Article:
Theory of Stupidivity: Guaranteed to Fail

Posted in Cyberterrorism at 7:35 am by George Smith

Today’s cant on cybersecurity is news on ‘Einstein,’ the security system to be installed on all government computers to protect them from cyberspies.

“It is supposed to detect known types of cyberattacks and immediately alert the cybersecurity center,” reports the Wall Street Journal. “The problem: Like its predecessor, it still can’t detect or block sophisticated attacks that weren’t previously known, said Stewart Baker, a former senior Homeland Security Department official. Homeland Security is the only department using it so far.”

“Homeland Security Department first developed Einstein in 2003, adapting technology from a Pentagon program that monitored military networks … ” informs the WSJ.

In another manner of speaking, it uses the anti-virus software model of ‘security.’

Entrenched and solidified over decades, anti-virus software detects only malware that has already been submitted in samples and examples to its developer. That is, it can’t detect the newest attacks until someone else — hopefully not you — has been snared by them.

Over years and years, it has ensured an arms race between virus-writers and software developers, a process that is now locked in stone.

Last week, for example, an advertisement with malicious code in it threw three viruses at DD’s PC. Software caught two and I was left to net the third, which I caught when it tried to alter the system. I threw the virus into a directory I keep for unidentified malware and suspicious programs. A few days later, when the a-v software updated for the third or fourth time after the incident, it was detected. So someone, not just me, had been exposed to it and taken the time to send a sample to the company. And there were, invariably, some people who were screwed over by it.

Security expert Marcus Ranum discussed this at length some years ago in “The Six Dumbest Ideas in Computer Security.”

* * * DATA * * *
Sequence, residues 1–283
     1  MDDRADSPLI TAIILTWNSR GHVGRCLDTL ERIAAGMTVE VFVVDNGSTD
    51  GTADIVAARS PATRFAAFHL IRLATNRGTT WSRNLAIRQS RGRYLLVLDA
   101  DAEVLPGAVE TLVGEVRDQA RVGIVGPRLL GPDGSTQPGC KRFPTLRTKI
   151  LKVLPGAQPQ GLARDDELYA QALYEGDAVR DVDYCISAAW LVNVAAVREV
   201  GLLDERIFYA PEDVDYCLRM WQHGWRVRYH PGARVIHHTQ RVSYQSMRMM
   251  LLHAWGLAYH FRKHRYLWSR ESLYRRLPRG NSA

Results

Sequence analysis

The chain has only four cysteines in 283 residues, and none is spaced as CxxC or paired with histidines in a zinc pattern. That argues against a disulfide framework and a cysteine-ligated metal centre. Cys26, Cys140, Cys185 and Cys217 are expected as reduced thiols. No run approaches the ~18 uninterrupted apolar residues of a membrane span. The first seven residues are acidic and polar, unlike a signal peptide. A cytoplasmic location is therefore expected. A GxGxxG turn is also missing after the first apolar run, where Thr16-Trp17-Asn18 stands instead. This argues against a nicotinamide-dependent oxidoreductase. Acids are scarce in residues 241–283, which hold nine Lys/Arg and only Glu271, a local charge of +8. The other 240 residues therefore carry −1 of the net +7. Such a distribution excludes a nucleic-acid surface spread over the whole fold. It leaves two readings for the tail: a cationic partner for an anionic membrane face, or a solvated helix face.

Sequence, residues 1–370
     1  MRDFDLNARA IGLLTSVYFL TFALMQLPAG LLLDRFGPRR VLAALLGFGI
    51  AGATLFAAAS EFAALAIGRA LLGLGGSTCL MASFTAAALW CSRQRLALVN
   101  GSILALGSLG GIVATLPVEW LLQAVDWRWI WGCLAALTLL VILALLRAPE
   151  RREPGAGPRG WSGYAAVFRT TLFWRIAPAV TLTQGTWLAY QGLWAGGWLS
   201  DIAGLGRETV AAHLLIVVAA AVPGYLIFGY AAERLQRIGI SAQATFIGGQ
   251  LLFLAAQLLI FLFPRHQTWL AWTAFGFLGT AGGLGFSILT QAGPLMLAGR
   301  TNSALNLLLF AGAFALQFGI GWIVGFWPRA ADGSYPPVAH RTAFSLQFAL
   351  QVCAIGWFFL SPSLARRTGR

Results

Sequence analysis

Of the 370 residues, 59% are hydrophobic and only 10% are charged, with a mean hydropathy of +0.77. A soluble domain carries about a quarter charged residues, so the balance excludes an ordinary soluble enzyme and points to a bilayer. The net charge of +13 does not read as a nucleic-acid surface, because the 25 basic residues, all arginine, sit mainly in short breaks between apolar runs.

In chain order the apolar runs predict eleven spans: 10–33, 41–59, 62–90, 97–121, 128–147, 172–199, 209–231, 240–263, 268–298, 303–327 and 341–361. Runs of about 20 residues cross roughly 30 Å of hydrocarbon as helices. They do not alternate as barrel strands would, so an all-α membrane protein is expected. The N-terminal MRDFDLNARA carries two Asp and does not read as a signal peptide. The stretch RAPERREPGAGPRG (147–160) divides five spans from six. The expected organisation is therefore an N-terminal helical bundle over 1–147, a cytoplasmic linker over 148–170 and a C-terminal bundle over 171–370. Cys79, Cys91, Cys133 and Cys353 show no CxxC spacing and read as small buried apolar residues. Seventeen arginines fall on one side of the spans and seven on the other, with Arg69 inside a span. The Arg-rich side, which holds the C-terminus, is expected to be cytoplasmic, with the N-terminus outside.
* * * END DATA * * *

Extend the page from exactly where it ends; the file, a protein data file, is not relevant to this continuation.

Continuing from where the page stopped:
In essence, the Einstein software and plan for making government computers secure accumulates these ideas into one big ball. Let’s call it “The Theory of Stupidivity,” in honor of the Einstein software. Now don’t go off the rails here. The government isn’t the only guilty party. Almost everyone seems to practice most of the six dumbest ideas in computer security.

Notable among these flaws is the dumb idea Ranum called “Enumerating Badness.” It’s the definition of the anti-virus/anti-malware/anti-spyware industry.

Back in the good ol’ days when shit-happening wasn’t everywhere “security practitioners got into the habit of ‘Enumerating Badness’ — listing all the bad things that we know about. Once you list all the badness, then you can put things in place to detect it, or block it.”

“Why is ‘Enumerating Badness’ a dumb idea?” asks Ranum. “It’s a dumb idea because sometime around 1992 the amount of Badness in the Internet began to vastly outweigh the amount of Goodness.”

“Enumerating Badness” goes hand in hand with “Penetrate and Patch.”

“One clear symptom that you’ve got a case of ‘Penetrate and Patch’ is when you find that your system is always vulnerable to the ‘bug of the week,” writes Ranum. “It means that you’ve put yourself in a situation where every time the hackers invent a new weapon, it works against you. Doesn’t that sound dumb? Your software and systems should be secure by design and should have been designed with flaw-handling in mind.”

Doesn’t that sound like common news from the cybersecurity beat? Rhetorical question.

Practically speaking, there’s not much hope of ‘secure by design’ anymore. And the current news about the Einstein software only underlines it.

Let’s return to the WSJ article. “Homeland Security is the only department using it so far,” it says.

This is not necessarily a bad thing. There’s really not much point in being forced into being an early adopter when something isn’t an improvement on what one already has. And is unknown in its bugs and weaknesses, and maybe worse.

Good advice could be to be ‘last in line’ for Einstein, version whatever, until everyone else has it sorted out.

In from the “Don’t blame China” desk:

In view of the current serious situation in frequent leak of secret in the secret information system, Xia Yong, director of the State Bureau of Secrecy, said on the afternoon of 22 June: China plans to enhance the encryption measures of secret information system.

He said: These measures include …

Technology will be adopted in protecting secret information system. The revised draft (of the Secrecy Law) stipulates: Secret information system should be installed with encryption facilities and equipment in accordance with the state encryption standards. Planning, building, and operating of encryption facilities and equipment should be synchronized with the secret information system. Before being put into operation, secret information system should pass the inspection of secrecy administration department at or above the city level, which sets up the system. — Xinhua News Agency, June 22


Comments are closed.